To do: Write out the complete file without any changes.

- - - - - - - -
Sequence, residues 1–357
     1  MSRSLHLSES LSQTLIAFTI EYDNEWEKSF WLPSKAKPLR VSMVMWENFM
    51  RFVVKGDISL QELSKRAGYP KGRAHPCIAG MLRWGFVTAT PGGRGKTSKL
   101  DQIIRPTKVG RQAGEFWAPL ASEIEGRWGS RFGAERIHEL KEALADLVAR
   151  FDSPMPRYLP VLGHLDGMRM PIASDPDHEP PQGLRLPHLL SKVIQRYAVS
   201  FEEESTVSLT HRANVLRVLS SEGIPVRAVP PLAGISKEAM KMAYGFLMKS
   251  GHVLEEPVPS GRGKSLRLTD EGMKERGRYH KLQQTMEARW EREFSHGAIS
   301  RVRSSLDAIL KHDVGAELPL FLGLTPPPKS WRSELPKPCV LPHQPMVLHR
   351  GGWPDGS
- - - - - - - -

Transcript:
Sequence, residues 1–357
     1  MSRSLHLSES LSQTLIAFTI EYDNEWEKSF WLPSKAKPLR VSMVMWENFM
    51  RFVVKGDISL QELSKRAGYP KGRAHPCIAG MLRWGFVTAT PGGRGKTSKL
   101  DQIIRPTKVG RQAGEFWAPL ASEIEGRWGS RFGAERIHEL KEALADLVAR
   151  FDSPMPRYLP VLGHLDGMRM PIASDPDHEP PQGLRLPHLL SKVIQRYAVS
   201  FEEESTVSLT HRANVLRVLS SEGIPVRAVP PLAGISKEAM KMAYGFLMKS
   251  GHVLEEPVPS GRGKSLRLTD EGMKERGRYH KLQQTMEARW EREFSHGAIS
   301  RVRSSLDAIL KHDVGAELPL FLGLTPPPKS WRSELPKPCV LPHQPMVLHR
   351  GGWPDGS